Practical Homework Help – Tips for Writing Assignments
Being a former language arts teacher, I found it difficult to help my children with their writing assignments. I saw lots of spelling mistakes, punctuation errors, and poorly developed ideas. The truth is, I was looking at their assignment with adult eyes when I should have been approaching their writing at their level. These three tips help keep things in perspective when I review their writing.
I Am Their Cheerleader
When I review my child’s writing, I ask for permission to read it out loud. This gives them an opportunity to hear what it sounds like to the reader when in fact, it may sound very different to them in their head as they are writing. As I read, I cheer good work by verbally saying, “I love this detail” or “You make an excellent argument.” Giving them verbal praise validates their hard work and efforts.
I Pretend I Am an Alien
I let my kids know that aliens have no knowledge or experience of life on earth, so it is only through reading their writing that I will understand what they are talking about. If your kids say they went to the movie theater over the weekend, then their writing needs to detail ordering tickets through the buzzing intercom, smelling buttery popcorn, waiting in long lines, reclining in the movie seat, being immersed in surround sound, etc. The same is true for non-fiction or argumentative writing – aliens do not know how humans think, so background information or persuasive reasoning needs to be articulated clearly.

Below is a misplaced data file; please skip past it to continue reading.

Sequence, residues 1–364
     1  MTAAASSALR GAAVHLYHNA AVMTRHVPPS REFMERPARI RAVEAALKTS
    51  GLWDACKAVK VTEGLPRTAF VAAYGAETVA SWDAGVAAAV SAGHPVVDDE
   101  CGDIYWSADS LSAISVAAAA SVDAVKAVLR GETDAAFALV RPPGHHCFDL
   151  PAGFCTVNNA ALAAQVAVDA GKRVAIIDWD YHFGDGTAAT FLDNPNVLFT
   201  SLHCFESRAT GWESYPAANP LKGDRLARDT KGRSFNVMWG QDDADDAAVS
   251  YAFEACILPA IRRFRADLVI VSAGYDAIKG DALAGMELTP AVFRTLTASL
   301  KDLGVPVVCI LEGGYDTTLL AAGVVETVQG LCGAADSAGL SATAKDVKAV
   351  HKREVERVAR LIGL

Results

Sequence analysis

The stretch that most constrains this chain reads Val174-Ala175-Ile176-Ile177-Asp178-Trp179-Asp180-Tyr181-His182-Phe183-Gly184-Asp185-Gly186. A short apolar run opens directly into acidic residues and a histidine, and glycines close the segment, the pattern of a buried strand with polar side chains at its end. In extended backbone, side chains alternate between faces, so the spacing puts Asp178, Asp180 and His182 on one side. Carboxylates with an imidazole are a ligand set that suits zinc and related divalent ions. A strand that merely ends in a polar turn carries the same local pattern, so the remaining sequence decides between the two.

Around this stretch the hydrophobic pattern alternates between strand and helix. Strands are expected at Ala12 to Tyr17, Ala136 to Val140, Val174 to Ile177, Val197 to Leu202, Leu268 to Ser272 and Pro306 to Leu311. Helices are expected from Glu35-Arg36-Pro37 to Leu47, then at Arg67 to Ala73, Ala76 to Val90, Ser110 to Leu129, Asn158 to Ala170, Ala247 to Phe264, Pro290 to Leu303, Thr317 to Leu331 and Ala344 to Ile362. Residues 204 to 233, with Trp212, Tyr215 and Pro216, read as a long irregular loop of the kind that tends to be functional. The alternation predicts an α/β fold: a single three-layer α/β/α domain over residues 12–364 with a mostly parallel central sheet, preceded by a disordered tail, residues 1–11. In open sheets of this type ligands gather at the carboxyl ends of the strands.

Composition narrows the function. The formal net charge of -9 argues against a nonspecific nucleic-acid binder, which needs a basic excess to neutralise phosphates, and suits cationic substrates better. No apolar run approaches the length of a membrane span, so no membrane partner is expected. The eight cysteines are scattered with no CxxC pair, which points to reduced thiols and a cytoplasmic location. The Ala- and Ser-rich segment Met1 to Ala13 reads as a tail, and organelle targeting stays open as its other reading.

I Ask Them to Read Their Writing Out Loud
Humor me for a while and read this paragraph out loud:
To help your child self-identify common mistakes. Like run-on or fragment sentences. Ask them to read their sentence out loud and only pause to take a breath where there is a period and this is how they will see their mistakes and learn how to fix them because otherwise they will only write like how they talk and write like it’s a stream of consciousness.
Do you see my point? If they sound robot-like or run out of breath while reading out loud, chances are, their punctuation is not used correctly. They will soon learn how to use a comma for a pause and a period for a full stop. Before you know it, they will master the semi-colon!
Go be your child’s cheerleader!
Copyright © 2019 by GenParenting
Discovering the joy of teaching while in high school, Jaime pursued her B.A. in English at Santa Clara University. She also received a teaching credential and a M.A. in Education Administration from Santa Clara University. Jaime taught English Language Arts at Rancho Middle School, motivating and inspiring young people to become effective communicators and contributors in their community. From being a Middle School English Language Arts/English Language Development teacher to becoming a stay-at home mom, Jaime is an education consultant who presents literacy workshops. Her workshops focus on a combination of her ten years of teaching expertise with tried-and-true experiences that she uses with her own children. Jaime is also a Teacher Consultant with the San Jose Area Writing Project. Jaime’s mission is to share effective reading and writing strategies with families to encourage literacy.